|Other names||Cleidocranial dysplasia, Marie-Sainton syndrome, mutational dysostosis|
|Facial and forehead changes along with increased mobility of the shoulder girdles|
|Symptoms||Missing collarbone, prominent forehead, flat nose, shorter|
|Usual onset||Present at birth|
|Causes||Genetic (RUNX2 gene)|
|Diagnostic method||Based on symptoms and X-rays, confirmed by genetic testing|
|Differential diagnosis||Mandibuloacral dysplasia, pyknodysostosis, osteogenesis imperfecta, Hajdu-Cheney syndrome|
|Prognosis||Normal life expectancy|
|Frequency||One per million people|
Cleidocranial dysostosis (CCD), also called cleidocranial dysplasia, is a birth defect that mostly affects the bones and teeth. The collarbones are typically either poorly developed or absent, which allows the shoulders to be brought close together. The front of the skull often does not close until later, and those affected are often shorter than average. Other symptoms may include a prominent forehead, wide set eyes, abnormal teeth, and a flat nose. Symptoms vary among people; however, intelligence is typically unaffected.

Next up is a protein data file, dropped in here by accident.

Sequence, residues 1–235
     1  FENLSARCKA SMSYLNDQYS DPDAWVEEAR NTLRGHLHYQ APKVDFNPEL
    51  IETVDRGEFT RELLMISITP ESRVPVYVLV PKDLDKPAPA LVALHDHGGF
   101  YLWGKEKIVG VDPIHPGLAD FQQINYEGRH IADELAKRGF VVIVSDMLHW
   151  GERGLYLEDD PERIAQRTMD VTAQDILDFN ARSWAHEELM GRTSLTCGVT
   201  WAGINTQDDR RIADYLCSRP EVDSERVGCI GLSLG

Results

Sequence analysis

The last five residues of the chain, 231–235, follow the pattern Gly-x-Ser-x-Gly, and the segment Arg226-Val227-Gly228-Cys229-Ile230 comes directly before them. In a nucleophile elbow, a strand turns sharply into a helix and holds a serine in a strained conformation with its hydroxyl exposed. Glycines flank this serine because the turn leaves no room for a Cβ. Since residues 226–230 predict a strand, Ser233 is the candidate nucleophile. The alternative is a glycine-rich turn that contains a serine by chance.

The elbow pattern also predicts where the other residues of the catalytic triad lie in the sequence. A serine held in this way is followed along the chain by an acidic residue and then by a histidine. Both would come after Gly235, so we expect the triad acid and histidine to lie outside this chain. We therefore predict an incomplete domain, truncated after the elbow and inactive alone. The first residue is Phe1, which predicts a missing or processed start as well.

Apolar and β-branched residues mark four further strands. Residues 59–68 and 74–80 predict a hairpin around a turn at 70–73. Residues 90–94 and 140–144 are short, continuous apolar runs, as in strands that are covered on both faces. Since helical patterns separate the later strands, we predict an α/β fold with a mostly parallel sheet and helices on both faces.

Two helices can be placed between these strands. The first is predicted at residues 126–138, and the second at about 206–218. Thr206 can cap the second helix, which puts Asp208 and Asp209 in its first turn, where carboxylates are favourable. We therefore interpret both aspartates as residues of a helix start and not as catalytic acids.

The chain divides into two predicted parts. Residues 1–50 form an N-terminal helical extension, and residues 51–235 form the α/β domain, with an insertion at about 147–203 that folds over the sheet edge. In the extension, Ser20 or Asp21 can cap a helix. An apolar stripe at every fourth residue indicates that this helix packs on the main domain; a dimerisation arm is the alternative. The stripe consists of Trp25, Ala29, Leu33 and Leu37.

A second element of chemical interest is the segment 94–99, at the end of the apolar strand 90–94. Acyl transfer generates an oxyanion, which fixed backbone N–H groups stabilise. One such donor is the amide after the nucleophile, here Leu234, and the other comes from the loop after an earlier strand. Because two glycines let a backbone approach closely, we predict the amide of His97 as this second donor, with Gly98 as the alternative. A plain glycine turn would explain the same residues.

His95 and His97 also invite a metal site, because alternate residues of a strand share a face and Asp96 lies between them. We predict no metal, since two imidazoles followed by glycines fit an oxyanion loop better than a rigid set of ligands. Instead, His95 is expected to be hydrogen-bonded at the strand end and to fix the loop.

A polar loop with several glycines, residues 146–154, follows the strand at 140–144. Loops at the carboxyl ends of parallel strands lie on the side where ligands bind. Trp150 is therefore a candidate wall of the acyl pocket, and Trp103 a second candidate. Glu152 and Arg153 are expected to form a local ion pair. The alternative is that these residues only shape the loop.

The condition is either inherited from a person's parents or occurs as a new mutation. It is inherited in an autosomal dominant manner. It is due to a defect in the RUNX2 gene which is involved in bone formation. Diagnosis is suspected based on symptoms and X-rays with confirmation by genetic testing. Other conditions that can produce similar symptoms include mandibuloacral dysplasia, pyknodysostosis, osteogenesis imperfecta, and Hajdu-Cheney syndrome.
Treatment includes supportive measures such as a device to protect the skull and dental care. Surgery may be performed to fix certain bone abnormalities. Life expectancy is generally normal.
It affects about one per million people. Males and females are equally commonly affected. Modern descriptions of the condition date to at least 1896. The term is from cleido meaning collarbone, cranial from the Greek κρανιὀς meaning skull, and dysostosis meaning formation of abnormal bone.